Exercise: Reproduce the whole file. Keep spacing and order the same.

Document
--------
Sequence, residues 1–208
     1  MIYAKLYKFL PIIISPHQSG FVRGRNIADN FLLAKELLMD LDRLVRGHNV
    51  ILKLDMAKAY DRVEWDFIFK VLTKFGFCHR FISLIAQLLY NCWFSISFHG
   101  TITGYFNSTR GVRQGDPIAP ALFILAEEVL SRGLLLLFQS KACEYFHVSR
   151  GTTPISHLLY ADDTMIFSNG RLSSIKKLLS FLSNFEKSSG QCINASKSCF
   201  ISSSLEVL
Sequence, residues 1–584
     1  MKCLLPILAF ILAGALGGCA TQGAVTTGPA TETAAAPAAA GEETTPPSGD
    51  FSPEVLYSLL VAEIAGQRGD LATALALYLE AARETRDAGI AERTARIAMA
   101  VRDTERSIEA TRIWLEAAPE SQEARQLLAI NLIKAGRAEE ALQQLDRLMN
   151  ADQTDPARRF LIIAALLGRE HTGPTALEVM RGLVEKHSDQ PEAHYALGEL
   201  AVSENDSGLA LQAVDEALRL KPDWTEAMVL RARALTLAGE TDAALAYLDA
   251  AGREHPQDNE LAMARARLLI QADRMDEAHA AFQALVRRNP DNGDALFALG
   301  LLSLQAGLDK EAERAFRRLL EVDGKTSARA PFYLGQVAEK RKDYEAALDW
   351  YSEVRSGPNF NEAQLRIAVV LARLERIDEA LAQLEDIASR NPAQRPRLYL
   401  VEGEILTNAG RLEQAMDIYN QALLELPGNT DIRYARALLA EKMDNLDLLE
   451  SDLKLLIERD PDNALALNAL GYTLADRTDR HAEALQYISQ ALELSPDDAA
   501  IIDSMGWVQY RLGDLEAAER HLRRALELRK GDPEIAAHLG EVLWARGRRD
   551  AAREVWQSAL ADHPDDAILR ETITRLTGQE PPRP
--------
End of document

Sequence, residues 1–208
     1  MIYAKLYKFL PIIISPHQSG FVRGRNIADN FLLAKELLMD LDRLVRGHNV
    51  ILKLDMAKAY DRVEWDFIFK VLTKFGFCHR FISLIAQLLY NCWFSISFHG
   101  TITGYFNSTR GVRQGDPIAP ALFILAEEVL SRGLLLLFQS KACEYFHVSR
   151  GTTPISHLLY ADDTMIFSNG RLSSIKKLLS FLSNFEKSSG QCINASKSCF
   201  ISSSLEVL
Sequence, residues 1–584
     1  MKCLLPILAF ILAGALGGCA TQGAVTTGPA TETAAAPAAA GEETTPPSGD
    51  FSPEVLYSLL VAEIAGQRGD LATALALYLE AARETRDAGI AERTARIAMA
   101  VRDTERSIEA TRIWLEAAPE SQEARQLLAI NLIKAGRAEE ALQQLDRLMN
   151  ADQTDPARRF LIIAALLGRE HTGPTALEVM RGLVEKHSDQ PEAHYALGEL
   201  AVSENDSGLA LQAVDEALRL KPDWTEAMVL RARALTLAGE TDAALAYLDA
   251  AGREHPQDNE LAMARARLLI QADRMDEAHA AFQALVRRNP DNGDALFALG
   301  LLSLQAGLDK EAERAFRRLL EVDGKTSARA PFYLGQVAEK RKDYEAALDW
   351  YSEVRSGPNF NEAQLRIAVV LARLERIDEA LAQLEDIASR NPAQRPRLYL
   401  VEGEILTNAG RLEQAMDIYN QALLELPGNT DIRYARALLA EKMDNLDLLE
   451  SDLKLLIERD PDNALALNAL GYTLADRTDR HAEALQYISQ ALELSPDDAA
   501  IIDSMGWVQY RLGDLEAAER HLRRALELRK GDPEIAAHLG EVLWARGRRD
   551  AAREVWQSAL ADHPDDAILR ETITRLTGQE PPRP